The Irony Of High Crypto Holders Amid Nigeria's CBN Banby@jerryuz

The Irony Of High Crypto Holders Amid Nigeria's CBN Ban

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In the wake of CBN's ban on cryptocurrency in Nigeria, one could say that an action taken by the government meant to derail a booming digital financial market only succeeded in hurling the market amongst crypto enthusiasts. Perhaps the Central Bank of Nigeria's (CBN) ban on cryptocurrency lamed the further growth of the digital market.

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In the wake of __CBN's ban __on cryptocurrency in Nigeria, one could say that an action taken by the government meant to derail a booming digital financial market only succeeded in hurling the market amongst crypto enthusiasts. Perhaps the Central Bank of Nigeria's (CBN) ban on cryptocurrency lamed the further growth of the digital market.

Cryptocurrency is built on trailblazing blockchain technology, making it nearly impossible to double-spend or counterfeit—and this decentralized digital money (crypto) was meant to free the crypto economy from government interference or manipulation.


We can't deny the government's censorship abilities in the blockchain space. The Tornado ban and Celcius' bankruptcy, among other things, demonstrate this capability. And the lack of a central authority to guarantee that things run smoothly, or support the value of crypto, is an act of design seen as a weakness by the government.


Cryptocurrency is a big deal in Nigeria! The country's crypto trade has grown astronomically during the last few years; the largest cryptocurrency market in Africa and the country that trades the most bitcoin globally after the United States.

Impact Of Digital Currency On Nigerians

The typical young Nigerian has developed an interest in cryptocurrencies; many would argue that the CBN's ban on it is a sham since government officials allegedly invest in it more than the average Nigerian.


A nation plagued with a high poverty rate, and Naira, the country's currency, has been experiencing inflation with hyperinflation-like characteristics. However, many Nigerians are turning to cryptocurrency as a hedge of financial value since hedging is the best approach for reducing risks associated with financial assets.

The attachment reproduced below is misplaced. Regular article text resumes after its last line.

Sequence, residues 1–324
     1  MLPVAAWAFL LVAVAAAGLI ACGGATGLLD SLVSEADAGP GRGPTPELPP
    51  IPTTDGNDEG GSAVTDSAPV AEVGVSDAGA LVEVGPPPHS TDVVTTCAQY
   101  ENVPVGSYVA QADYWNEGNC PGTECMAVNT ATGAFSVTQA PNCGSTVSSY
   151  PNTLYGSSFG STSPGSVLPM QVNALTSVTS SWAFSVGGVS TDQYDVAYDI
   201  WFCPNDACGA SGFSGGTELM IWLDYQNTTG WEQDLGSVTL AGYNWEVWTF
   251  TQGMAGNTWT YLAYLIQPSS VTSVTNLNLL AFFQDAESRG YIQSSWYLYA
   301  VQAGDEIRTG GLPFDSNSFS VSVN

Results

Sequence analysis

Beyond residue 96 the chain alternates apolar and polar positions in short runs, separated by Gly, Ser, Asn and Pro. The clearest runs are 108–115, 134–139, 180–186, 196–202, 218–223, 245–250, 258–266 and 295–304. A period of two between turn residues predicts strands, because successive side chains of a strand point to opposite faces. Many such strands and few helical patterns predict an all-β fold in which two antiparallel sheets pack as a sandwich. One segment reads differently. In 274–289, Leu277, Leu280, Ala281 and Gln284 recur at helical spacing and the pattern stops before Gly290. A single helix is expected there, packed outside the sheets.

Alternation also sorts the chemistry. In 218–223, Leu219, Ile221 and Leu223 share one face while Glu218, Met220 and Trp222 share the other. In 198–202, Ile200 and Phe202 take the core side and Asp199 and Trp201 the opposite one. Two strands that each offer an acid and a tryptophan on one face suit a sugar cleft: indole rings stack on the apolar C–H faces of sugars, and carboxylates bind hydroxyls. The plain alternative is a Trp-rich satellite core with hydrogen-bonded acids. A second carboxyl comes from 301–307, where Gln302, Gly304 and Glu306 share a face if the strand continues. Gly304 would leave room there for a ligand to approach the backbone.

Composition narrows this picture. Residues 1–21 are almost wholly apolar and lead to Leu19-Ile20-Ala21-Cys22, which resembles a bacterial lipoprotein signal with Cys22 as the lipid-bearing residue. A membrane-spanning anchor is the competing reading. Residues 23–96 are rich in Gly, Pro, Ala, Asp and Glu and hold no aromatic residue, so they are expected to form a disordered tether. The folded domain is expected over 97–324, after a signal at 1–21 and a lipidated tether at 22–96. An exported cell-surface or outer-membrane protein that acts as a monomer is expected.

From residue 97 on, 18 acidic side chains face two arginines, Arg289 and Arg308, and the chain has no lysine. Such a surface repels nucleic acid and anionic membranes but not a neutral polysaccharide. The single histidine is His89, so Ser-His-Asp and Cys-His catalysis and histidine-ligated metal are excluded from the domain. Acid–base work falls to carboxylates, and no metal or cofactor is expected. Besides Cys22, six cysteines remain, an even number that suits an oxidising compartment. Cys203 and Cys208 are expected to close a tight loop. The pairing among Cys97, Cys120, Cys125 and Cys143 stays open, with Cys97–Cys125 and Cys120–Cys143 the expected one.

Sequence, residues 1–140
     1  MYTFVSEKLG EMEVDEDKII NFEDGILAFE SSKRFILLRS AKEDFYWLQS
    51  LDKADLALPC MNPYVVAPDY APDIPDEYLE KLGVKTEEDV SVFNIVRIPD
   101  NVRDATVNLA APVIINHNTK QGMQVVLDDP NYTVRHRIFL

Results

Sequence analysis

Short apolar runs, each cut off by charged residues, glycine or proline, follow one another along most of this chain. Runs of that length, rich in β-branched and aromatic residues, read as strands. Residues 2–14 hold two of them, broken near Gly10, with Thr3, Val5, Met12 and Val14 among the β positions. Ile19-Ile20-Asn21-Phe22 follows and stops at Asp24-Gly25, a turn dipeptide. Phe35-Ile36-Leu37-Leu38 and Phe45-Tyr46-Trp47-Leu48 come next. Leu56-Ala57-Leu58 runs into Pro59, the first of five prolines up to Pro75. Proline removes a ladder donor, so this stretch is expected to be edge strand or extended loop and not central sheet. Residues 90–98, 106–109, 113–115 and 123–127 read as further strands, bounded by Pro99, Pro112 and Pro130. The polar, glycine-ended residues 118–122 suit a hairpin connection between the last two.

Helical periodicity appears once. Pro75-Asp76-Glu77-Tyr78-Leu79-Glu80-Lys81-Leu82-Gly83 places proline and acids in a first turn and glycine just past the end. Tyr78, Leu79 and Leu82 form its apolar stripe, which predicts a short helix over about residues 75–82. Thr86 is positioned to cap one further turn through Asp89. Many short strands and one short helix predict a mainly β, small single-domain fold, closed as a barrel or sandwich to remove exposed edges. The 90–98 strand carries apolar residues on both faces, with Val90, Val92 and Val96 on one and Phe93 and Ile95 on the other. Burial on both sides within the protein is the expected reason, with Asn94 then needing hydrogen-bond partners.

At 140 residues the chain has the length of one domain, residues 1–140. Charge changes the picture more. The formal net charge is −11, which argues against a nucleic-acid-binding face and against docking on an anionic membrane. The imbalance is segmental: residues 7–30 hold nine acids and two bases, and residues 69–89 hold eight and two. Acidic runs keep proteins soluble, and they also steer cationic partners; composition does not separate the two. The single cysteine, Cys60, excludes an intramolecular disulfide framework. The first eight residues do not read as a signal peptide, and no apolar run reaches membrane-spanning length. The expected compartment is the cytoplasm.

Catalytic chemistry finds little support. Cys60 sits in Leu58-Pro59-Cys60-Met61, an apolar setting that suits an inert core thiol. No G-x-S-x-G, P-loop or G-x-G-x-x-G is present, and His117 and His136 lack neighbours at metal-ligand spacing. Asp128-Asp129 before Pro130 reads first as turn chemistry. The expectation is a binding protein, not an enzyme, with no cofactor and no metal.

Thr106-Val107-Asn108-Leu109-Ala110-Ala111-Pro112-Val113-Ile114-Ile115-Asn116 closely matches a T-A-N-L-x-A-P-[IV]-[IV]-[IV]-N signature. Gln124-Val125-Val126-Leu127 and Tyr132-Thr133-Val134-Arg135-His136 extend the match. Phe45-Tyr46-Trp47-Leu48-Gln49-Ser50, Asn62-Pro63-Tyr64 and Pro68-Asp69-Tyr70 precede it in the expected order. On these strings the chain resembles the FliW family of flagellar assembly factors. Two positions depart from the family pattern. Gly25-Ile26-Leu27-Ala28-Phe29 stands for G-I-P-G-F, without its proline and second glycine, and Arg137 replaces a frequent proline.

Despite the CBN ban and risks associated with cryptocurrency, many Nigerians continue to invest in it. Crypto trades and investments are now a financial haven for many trying to escape the country's economic woes.

Why does the CBN not back Crypto?

Crypto mania came into the financial world like a whirlwind, declaring war on the traditional banking and monetary system.


Due to several factors—notably the volatility of cryptocurrencies, a lack of regulation, and concerns that they may lose value—the government is unwilling to place its trust in them. CBN's main objection is that they are vulnerable to fraud.


Despite their reservations, the Central African Republic followed El Salvador's lead and made Bitcoin legal tender amid the global economic crisis.

CBN Bans Crypto

The crypto ban struck the Nigerian crypto community when least expected.


"The ban was aimed at stemming the threats of terrorism financing and money laundering," —according to Mr. Kelvin Amugo, Director, Financial Policy and Regulation Department.


The central bank of Nigeria (CBN) first took a strong stance against cryptocurrencies on January 12, 2017. They issued a circular on February 5, 2021, ordering financial institutions to cease facilitating cryptocurrency transactions.


On February 7, 2021, they issued another circular, stating that "no new restrictions have been placed on cryptocurrencies— it's an enforcement of a ban that has been in place since 2017."


It is safe to call the ban in Nigeria 'a crypto banking ban' —since firms can exist as long as they do not transact with commercial banks.

What did the SEC Have to Say?

Contrary to the CBN, the SEC in Nigeria issued guidelines for crypto assets, reaffirming their legal status, but not as legal tender.


The Nigerian Senate summoned the SEC and CBN one week following the suspension. The SEC reversed its prior decision and supported the CBN, citing market stability and reiterating its continued commitment to innovation.


In a release, they noted: "For the purpose of admittance into the SEC Regulatory Incubation Framework, the assessment of all persons and products affected by the CBN Circular of February 5, 2021, is hereby put on hold until such persons are able to operate bank accounts within the Nigerian banking system."


The ban affected the activities of crypto-based fintech firms as they battled to mitigate its impact.

Fintech Disruption

Following the ban, great anxiety and panic erupted as the crypto community in Nigeria scrambled to move their assets to safety. All naira deposits and withdrawals halted—new alternatives were urgently needed.